Tonight Robinson will lead the Dons at the Emirates Stadium against Arsenal in the Carabao Cup and his run so far has been about as unconventional as you can imagine.
It all started with his retirement from football at the age of 16 due to injury and walking away from the game he loved. What followed was a career in the music industry, opening her own children’s room and working as a tour guide at Stamford Bridge.
Robinson’s love for the game eventually brought him back to football and in 2004 he started coaching the Wimbledon Under-9 team.
Over the past 17 years, he rose through the ranks until in February he was named head coach.
“A lot of times it all still feels a bit surreal, but I don’t think that’s a bad thing,” Robinson told Standard Sport. “You never want to get comfortable and get used to it.
“This club means everything to me. My dad had certain values that he instilled in me growing up and it’s just a football club that really keeps giving. This club inspires me.
Wimbledon may inspire Robinson, but his journey should give people the belief that anything is possible.
When he ruptured his quad muscle at the age of 16, Robinson was forced to leave behind a promising youth career at Fulham.
He walked away from acting, working for the music company The Performing Rights Society and there he eventually moved into a management role.
But deep down, Robinson’s love for football was still there. He did community coaching with Crystal Palace, while managing his work team.
A chance encounter with Tony Wilson, whom Robinson played with at Fulham, further fanned the fires when he revealed Wimbledon needed help coaching their youngsters.
Ultimately, Robinson took the leap and quit his job so he could start a business with his wife and trainer in his spare time.
“I really packed it all in, because my passion was coaching,” he says. “We had just had our two children, so we created a place for children. It was a bit like soft play meets Nero coffee.
“It was a huge risk. We borrowed a substantial sum of money – six figures – to open the business. Most indie businesses go broke within five years, but I’ve always been that person if you want to try something, go for it.
The bet is successful. The venue, It’s a Kid’s Thing, was an award-winning hit, and Robinson’s coaching was improving, not least because of his creative way of improving his public speaking.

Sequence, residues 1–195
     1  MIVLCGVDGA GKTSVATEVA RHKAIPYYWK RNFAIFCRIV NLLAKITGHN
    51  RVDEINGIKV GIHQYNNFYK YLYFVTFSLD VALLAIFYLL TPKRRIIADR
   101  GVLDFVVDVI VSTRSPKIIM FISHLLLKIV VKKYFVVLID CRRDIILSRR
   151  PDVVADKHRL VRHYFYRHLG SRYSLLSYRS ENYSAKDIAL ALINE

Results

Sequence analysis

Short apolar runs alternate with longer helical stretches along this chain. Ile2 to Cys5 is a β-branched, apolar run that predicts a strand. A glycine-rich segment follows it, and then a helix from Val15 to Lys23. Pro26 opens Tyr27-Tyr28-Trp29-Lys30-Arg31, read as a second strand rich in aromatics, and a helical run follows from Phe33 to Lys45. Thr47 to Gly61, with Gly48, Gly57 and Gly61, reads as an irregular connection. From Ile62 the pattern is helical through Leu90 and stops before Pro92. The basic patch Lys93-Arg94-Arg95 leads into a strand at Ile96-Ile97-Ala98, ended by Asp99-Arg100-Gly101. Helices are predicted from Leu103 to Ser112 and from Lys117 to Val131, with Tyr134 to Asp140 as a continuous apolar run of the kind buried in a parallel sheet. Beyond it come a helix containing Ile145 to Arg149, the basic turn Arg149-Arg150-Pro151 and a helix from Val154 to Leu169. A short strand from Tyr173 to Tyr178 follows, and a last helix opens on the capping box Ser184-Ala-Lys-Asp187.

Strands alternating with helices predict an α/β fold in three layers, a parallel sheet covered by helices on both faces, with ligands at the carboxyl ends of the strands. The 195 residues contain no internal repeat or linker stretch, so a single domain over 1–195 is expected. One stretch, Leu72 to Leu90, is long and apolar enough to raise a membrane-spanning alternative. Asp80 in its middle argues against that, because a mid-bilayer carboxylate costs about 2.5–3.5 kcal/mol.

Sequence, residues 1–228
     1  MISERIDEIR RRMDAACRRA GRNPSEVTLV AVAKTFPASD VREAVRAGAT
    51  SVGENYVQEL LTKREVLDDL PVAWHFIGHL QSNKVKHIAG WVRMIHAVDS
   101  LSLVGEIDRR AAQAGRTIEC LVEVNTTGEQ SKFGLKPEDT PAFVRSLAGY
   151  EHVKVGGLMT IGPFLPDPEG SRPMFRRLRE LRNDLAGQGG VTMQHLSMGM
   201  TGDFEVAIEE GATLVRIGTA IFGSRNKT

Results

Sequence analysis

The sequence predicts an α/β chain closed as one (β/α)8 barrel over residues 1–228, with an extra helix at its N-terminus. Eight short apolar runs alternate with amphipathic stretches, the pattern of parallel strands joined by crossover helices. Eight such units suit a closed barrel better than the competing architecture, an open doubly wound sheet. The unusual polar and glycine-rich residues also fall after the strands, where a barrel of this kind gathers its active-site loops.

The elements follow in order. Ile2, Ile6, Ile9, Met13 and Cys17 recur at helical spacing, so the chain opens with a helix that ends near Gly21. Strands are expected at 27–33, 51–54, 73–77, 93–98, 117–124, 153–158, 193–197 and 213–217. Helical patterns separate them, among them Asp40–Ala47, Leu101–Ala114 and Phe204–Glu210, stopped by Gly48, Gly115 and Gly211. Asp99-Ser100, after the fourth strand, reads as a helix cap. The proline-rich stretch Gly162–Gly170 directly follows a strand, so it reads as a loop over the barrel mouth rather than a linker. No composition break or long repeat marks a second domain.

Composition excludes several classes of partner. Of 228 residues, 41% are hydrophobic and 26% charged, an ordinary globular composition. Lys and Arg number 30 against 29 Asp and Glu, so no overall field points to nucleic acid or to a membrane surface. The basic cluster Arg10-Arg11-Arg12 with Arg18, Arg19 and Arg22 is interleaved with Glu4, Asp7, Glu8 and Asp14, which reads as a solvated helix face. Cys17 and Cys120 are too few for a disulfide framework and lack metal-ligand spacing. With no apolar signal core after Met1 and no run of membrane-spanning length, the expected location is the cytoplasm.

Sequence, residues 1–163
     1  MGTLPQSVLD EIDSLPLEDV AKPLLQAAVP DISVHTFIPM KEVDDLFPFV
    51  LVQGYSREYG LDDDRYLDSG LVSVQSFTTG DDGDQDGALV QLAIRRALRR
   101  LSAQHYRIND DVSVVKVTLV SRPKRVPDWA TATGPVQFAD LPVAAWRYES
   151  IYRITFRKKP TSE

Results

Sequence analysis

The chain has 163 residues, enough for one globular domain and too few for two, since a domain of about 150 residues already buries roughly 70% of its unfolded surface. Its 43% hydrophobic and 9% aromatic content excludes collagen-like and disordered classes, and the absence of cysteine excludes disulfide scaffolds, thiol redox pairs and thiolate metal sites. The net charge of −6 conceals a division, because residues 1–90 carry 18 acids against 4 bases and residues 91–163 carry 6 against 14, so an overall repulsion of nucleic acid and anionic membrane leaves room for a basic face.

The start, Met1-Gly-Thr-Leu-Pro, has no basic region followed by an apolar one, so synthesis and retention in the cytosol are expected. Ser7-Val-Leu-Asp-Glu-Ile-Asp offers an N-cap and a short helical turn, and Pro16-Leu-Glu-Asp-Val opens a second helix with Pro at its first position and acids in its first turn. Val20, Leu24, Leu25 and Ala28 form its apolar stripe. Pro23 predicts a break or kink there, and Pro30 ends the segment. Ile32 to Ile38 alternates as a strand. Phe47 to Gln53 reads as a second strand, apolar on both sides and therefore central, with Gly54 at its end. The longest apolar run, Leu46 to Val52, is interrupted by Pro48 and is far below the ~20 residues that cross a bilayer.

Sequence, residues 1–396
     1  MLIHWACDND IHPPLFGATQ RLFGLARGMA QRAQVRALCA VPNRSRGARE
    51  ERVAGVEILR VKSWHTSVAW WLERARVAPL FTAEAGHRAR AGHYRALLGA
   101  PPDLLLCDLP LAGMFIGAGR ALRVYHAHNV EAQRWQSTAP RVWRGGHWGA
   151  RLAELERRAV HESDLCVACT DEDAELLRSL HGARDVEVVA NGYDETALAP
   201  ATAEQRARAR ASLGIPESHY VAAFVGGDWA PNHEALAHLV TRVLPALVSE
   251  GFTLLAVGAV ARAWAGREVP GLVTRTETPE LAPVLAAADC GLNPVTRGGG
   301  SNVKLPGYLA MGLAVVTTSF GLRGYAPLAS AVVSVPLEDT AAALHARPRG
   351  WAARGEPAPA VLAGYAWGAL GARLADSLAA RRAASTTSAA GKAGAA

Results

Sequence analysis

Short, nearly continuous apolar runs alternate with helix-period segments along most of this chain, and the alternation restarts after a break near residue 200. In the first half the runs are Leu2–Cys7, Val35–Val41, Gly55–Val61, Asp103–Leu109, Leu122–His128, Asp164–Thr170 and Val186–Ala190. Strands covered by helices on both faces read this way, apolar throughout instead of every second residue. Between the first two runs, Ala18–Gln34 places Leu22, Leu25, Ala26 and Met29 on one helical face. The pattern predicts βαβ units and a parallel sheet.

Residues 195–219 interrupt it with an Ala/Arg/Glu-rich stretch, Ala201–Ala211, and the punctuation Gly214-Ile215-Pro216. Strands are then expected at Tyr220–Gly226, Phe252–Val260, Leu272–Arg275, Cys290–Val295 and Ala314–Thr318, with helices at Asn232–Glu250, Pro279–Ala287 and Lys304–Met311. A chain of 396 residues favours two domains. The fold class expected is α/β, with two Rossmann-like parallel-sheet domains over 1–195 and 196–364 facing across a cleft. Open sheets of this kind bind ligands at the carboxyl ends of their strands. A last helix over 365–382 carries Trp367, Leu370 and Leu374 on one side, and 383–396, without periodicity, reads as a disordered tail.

“I actually went on a guided tour twice a week at Chelsea,” he says. “It was really under pressure because the tour guides were ridiculously good.
“One was an Elvis impersonator, one was a part-time actor, one was a radio DJ and I was like, where do I fit in there?”
Robinson excelled with the Dons’ academy, taking them to memorable runs in the FA Youth Cup, and eventually the top job came his way earlier this year as the club battled to stay in League One.
From day one, he wanted to make players understand that this was a new era. Fans came to paint the training ground blue and yellow, while its values (communication, relentless, ruthless and ownership) were displayed on signs near the pitches.
The grounds themselves have also been changed, with grids laid out as part of his plans to turn Wimbledon into a top team.
And then there was, as a nod to Robinson’s past, the introduction of music.
“It plays from the morning when the staff come in at eight and it stays on all day,” says Robinson, who asked everyone to choose three songs they liked.
“It brings your surroundings to life. But also, it’s about making players and staff aware that everyone is different. If you come to visit the training ground, one minute you’re listening to rap and the next minute it’s Frank Sinatra.
Culture is a big thing for Robinson and he has spent time with England rugby head coach Eddie Jones to broaden his horizons.
Robinson doesn’t impose fines – “if I make someone do something, they’re not doing it for the right reasons” – and instead hammers home the values he believes in.
“All I’ve tried to get the guys to understand is that if you think the way you act on the training pitch doesn’t impact your performance on the pitch, then you have dead wrong. It erodes trust,” he says.
“Little things like when we have an analysis meeting and some people don’t put their chairs away.
“You may not think it has an effect on your teammates but, I’m sorry, your brain doesn’t work like that.
“He could be your best friend, but there’s something in his brain that tells him he can’t really trust you. He can’t rely on you. This translates to the terrain.
Robinson is clearly right as the results on the pitch have transformed under him.
He kept Dons in place last year, despite taking over when the team went 11 games without a win, and now they are seventh in Ligue 1.
He’s revamped the coaching staff, seeking marginal gains by appointing a restart and replacement coach, and Plow Lane fans love the attacking style of play. “On the ball it’s possession based, but we want to play fast and attack and exciting,” says Robinson.
“Off the ball we have to be really aggressive and press high, so hopefully it still feels like a Wimbledon side to the fans – even if the style of play is different.”
Unsurprisingly, Robinson has bled academy players and in three years he thinks the team could be 60-70% homegrown.
Beyond that, Robinson is dreaming big, even bigger than tonight’s game at Arsenal, and he’s confident the fan-owned Dons could play in the Championship.
“100%, definitely,” he says. “There is nothing more powerful than a group of people on the same path, with the same vision.”
Who knows? When it comes to Robinson, anything seems possible.